Cat Balco

My newest group of paintings, Strike Zone, is about manufacturing’s machines and processes and the human labor that is still a critical part of making. The term Strike Zone is initially derived from baseball, but has been appropriated by kaizen, a Japanese business philosophy promoting efficiency in manufacturing that became well known in the United States in the 1980’s. In the context of kaizen, Strike Zone refers to the optimal physical area – between knees and shoulders - in which a laborer can use her hands to complete manual work.

I wonder: can an abstract painting speak about the abilities and limitations of a physical body as it makes/works/labors? Examples of paintings that refer to artists’ physical bodies can be found throughout art history. I am interested in contributing my own voice to this lively conversation, by connecting my paintings specifically to the history of labor.

Another question: can kaizen be applied to a painting studio, so that paintings can be made within it with “maximum efficiency?” And what would an “efficient” painting look like? For centuries, artists have been aware that artistic production processes impact the content and meaning of artworks. On one side of history, entrepreneurial artists during the Renaissance assembled massive studios filled with laboring assistants, and on the other, abstract artists in the 1980’s built “painting machines” to do their painting work for them. Although the results were wildly different, both groups shared the same aim: transforming the field of painting by transcending the limitations of their own physical bodies.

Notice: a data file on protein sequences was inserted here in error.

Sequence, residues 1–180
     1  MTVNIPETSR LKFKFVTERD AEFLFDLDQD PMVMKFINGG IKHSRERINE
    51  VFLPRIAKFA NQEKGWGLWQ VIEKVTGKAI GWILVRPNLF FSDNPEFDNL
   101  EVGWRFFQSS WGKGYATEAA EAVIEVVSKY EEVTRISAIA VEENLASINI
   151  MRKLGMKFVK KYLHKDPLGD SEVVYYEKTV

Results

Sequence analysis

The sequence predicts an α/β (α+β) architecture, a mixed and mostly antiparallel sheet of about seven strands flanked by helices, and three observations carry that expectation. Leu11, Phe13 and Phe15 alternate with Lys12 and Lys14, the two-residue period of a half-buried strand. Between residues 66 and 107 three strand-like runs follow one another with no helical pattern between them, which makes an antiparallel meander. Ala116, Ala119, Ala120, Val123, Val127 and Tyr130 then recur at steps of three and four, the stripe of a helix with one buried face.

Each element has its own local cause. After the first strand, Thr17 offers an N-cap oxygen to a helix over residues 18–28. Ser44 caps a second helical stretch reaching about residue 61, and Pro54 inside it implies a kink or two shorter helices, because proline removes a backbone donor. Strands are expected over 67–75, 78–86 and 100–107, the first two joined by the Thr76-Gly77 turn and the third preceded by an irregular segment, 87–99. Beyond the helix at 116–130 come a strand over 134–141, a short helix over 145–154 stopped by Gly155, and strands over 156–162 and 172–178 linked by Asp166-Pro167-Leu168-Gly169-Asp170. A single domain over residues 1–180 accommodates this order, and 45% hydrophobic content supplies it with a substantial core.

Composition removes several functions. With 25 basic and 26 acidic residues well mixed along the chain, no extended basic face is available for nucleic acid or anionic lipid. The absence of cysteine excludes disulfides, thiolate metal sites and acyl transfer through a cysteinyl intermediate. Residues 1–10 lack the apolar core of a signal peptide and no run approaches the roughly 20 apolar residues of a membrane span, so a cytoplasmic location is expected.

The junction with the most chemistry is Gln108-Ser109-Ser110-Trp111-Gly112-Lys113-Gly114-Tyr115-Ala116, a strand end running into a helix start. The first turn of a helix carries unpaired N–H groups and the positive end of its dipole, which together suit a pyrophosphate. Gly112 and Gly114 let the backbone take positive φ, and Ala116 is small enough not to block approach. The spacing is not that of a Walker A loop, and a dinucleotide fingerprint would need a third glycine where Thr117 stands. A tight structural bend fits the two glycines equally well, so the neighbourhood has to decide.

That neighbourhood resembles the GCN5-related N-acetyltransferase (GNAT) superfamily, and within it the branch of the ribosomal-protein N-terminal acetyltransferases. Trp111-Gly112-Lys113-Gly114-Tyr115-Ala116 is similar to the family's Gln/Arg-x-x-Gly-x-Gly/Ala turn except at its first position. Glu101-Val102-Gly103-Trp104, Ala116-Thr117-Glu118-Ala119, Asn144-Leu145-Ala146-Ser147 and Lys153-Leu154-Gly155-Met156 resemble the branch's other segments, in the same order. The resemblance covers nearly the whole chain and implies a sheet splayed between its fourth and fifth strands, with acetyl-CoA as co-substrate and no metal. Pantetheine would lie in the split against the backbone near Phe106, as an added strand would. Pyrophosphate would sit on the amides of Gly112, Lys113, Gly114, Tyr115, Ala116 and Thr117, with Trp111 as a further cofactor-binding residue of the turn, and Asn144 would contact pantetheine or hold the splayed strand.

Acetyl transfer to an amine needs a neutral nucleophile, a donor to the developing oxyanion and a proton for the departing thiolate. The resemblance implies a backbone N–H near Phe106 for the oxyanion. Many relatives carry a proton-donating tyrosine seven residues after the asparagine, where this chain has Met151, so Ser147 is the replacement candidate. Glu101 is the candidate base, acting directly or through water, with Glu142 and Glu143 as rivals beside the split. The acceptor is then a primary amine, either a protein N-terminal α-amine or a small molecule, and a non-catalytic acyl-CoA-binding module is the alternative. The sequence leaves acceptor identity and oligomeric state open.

Finally, Strike Zone refers to labor strikes. The state of Connecticut, where my studio is located, has a rich history of participation in such protests. Can the hands-on work of painting speak about the social and political issues surrounding manual labor of other kinds? And can an abstract painting speak simply and directly like a picket sign?